The Infuriating Cell Phone Racket
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If you're not angry with AT&T, Verizon, T-Mobile and Sprint -- America's four national wireless providers that reportedly control 90 percent of the market -- then here's some ridiculous news to raise your righteous ire.
Perhaps you'd be interested to know about one of the most outrageous cell phone scams? It's simple: Charge customers for being forced to listen to 15 seconds of unnecessary voicemail instructions reminding them how to leave a message after the beep. According to New York Times technology writer David Pogue, if Verizon customers leave voicemails or check their messages twice a day, the mammoth New Jersey-based telco takes in around $620 million. In return, you lose wasted hours of your life and have to pay for it.
Speaking of Verizon, have you heard about the representative who refused to shut down a dead man's service, even though his daughter produced a death certificate and needed the account closed so settlement of his estate could proceed? Or the rep who tried to collect an overdue $308 bill from customer Al Burrows by threatening to, and I quote, " blow your muthafucking house up"? Do we need to even talk about AT&T's various controversies, from censoring Pearl Jam to allegedly helping the National Security Agency unlawfully monitor the American people's communications?
The telco giants' latest disgrace, according to a recent Federal Communications Commission report, has been given the egregious name of "bill shock" (PDF). Which is a misnomer, actually: it's certainly not shocking to find, as the FCC explains, that "30 million Americans -- or one in six mobile users -- have experienced...a sudden increase in their monthly bill that is not caused by a change in service plan." It's even less alarming to discover that "nearly half of cell phone users who have plans with early termination fees (ETFs) -- and almost two-thirds of home broadband users with ETFs --don’t know the amount of the fees they’re accountable for."
"In January, we sent letters to the major wireless providers asking the rationale for their ETFs," FCC spokesperson Rosemary Kimballl told AlterNet. "While the business model of subsidizing phones by the ETFs is the carriers' choice, our position is that the ETF charge must be made clear to the consumer when he is signing the contract. And this does not seem to be the case in many instances."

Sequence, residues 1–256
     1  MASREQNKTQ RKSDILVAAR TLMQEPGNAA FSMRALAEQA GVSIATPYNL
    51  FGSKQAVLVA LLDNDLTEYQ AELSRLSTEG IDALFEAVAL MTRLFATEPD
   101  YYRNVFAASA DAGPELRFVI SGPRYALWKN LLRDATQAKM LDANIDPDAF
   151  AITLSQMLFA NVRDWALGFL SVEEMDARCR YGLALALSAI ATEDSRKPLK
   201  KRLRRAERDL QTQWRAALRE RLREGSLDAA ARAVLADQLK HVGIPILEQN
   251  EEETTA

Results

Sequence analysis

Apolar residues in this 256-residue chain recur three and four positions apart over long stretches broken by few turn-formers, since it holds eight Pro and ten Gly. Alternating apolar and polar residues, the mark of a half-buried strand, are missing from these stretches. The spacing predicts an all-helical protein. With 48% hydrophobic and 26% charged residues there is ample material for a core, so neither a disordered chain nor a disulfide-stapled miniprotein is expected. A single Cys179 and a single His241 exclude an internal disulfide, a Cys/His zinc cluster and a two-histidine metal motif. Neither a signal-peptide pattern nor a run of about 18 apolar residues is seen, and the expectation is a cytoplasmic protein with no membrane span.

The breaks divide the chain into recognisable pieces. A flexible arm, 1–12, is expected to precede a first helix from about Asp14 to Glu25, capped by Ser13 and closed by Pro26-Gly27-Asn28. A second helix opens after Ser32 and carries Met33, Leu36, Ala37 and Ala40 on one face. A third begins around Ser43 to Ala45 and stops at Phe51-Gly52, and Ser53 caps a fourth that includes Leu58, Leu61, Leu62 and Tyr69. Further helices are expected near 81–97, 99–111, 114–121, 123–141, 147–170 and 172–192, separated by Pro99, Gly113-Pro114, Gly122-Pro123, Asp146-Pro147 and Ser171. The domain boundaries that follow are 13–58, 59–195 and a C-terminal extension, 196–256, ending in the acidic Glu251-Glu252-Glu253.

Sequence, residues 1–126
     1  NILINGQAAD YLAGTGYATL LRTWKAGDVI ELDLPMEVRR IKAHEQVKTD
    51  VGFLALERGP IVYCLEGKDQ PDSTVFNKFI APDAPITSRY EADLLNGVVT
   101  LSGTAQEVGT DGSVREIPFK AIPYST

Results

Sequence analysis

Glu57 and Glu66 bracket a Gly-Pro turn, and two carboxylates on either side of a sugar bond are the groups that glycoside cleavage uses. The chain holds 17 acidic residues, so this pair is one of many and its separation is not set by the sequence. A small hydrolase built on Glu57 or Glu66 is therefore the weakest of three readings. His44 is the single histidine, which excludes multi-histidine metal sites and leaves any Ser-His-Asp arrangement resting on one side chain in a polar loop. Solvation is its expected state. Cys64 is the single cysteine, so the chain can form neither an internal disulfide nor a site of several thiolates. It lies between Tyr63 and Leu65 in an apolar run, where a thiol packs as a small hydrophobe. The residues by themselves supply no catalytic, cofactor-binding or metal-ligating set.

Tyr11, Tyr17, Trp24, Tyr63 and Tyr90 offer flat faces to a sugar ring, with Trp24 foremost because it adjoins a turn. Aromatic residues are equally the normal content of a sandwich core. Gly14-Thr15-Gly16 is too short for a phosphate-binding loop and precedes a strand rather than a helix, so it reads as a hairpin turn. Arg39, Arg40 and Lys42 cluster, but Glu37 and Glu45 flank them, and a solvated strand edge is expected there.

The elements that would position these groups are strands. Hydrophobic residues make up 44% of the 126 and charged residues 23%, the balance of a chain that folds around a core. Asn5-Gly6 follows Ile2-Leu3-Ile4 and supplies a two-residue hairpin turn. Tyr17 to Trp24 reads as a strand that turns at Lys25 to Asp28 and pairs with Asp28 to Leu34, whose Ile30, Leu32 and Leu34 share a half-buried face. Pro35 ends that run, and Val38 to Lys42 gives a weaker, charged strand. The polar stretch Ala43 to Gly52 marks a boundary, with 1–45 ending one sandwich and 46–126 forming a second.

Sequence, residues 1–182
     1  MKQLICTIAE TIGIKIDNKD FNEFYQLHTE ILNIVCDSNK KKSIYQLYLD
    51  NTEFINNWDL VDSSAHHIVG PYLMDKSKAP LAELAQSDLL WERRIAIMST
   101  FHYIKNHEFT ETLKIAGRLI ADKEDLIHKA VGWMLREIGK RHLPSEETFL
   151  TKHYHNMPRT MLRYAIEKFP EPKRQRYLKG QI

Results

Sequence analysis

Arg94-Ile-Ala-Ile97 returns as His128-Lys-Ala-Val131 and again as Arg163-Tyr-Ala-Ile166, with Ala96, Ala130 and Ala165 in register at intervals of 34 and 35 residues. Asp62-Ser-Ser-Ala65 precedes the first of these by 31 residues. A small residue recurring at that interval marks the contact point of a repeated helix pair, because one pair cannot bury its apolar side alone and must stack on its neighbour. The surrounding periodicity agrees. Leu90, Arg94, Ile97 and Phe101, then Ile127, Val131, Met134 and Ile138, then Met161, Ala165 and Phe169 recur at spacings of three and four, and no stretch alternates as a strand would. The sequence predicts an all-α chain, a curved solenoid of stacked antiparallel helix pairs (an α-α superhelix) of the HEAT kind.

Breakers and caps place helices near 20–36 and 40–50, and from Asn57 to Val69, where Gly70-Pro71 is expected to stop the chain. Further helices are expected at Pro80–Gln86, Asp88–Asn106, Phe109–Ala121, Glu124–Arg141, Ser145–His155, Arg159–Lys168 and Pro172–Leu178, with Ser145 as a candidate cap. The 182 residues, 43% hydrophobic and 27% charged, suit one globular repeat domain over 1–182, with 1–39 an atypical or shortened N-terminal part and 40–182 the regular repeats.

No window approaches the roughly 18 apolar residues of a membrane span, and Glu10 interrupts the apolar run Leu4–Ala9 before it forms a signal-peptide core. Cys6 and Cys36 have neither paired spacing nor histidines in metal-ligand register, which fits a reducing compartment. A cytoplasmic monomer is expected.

It is the kind of obscure legalese the industry is known for. Their contracts are dense with clauses that no self-respecting human should have to wade through, just to place a call or send a text. ETFs are a particularly blatant insult to wireless customers, who can't leave an underperforming carrier (and that's really all of them) without forking over hundreds of hard-earned dollars. In fact, AT&T just nearly doubled its $175 early termination fee to $325 in May. That cold, capitalist logic is built specifically for bottom lines and earnings reports, not for flawless customer service. ETFs are financial shackles to mediocrity, and they're just the start.
According to Wisconsin Democratic Senator Herb Kohl, the telcos have fortified their industry monopoly with other scandalous pricing. Between 2006-2008, the cost of sending and receiving a text message rose 100 percent. The average American consumer pays approximately $500-$600 a year for wireless service, which is practically more than any other developed nation. Of course, iPhone addicts -- who are chained to Apple's exclusive contract with AT&T until the probably inevitable Verizon contract arrives in 2011 -- pay around twice that annually in various subscription fees. This in spite of the fact that AT&T, Verizon and Sprint continually rank among the worst in the nation when it comes to customer service. Or that such early termination fees are arguably illegal, depending on which judge you ask.